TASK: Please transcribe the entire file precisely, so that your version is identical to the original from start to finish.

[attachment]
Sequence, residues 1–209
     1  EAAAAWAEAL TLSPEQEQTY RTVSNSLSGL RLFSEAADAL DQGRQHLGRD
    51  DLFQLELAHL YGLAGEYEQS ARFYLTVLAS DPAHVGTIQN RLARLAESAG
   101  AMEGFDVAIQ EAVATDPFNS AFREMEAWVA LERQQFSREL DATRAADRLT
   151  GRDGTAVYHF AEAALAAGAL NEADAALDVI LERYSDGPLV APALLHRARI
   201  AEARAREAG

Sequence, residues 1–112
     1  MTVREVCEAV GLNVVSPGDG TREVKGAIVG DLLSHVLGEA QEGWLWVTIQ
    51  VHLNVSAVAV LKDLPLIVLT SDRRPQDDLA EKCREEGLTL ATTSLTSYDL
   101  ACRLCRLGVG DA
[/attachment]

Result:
Sequence, residues 1–209
     1  EAAAAWAEAL TLSPEQEQTY RTVSNSLSGL RLFSEAADAL DQGRQHLGRD
    51  DLFQLELAHL YGLAGEYEQS ARFYLTVLAS DPAHVGTIQN RLARLAESAG
   101  AMEGFDVAIQ EAVATDPFNS AFREMEAWVA LERQQFSREL DATRAADRLT
   151  GRDGTAVYHF AEAALAAGAL NEADAALDVI LERYSDGPLV APALLHRARI
   201  AEARAREAG

Sequence, residues 1–112
     1  MTVREVCEAV GLNVVSPGDG TREVKGAIVG DLLSHVLGEA QEGWLWVTIQ
    51  VHLNVSAVAV LKDLPLIVLT SDRRPQDDLA EKCREEGLTL ATTSLTSYDL
   101  ACRLCRLGVG DA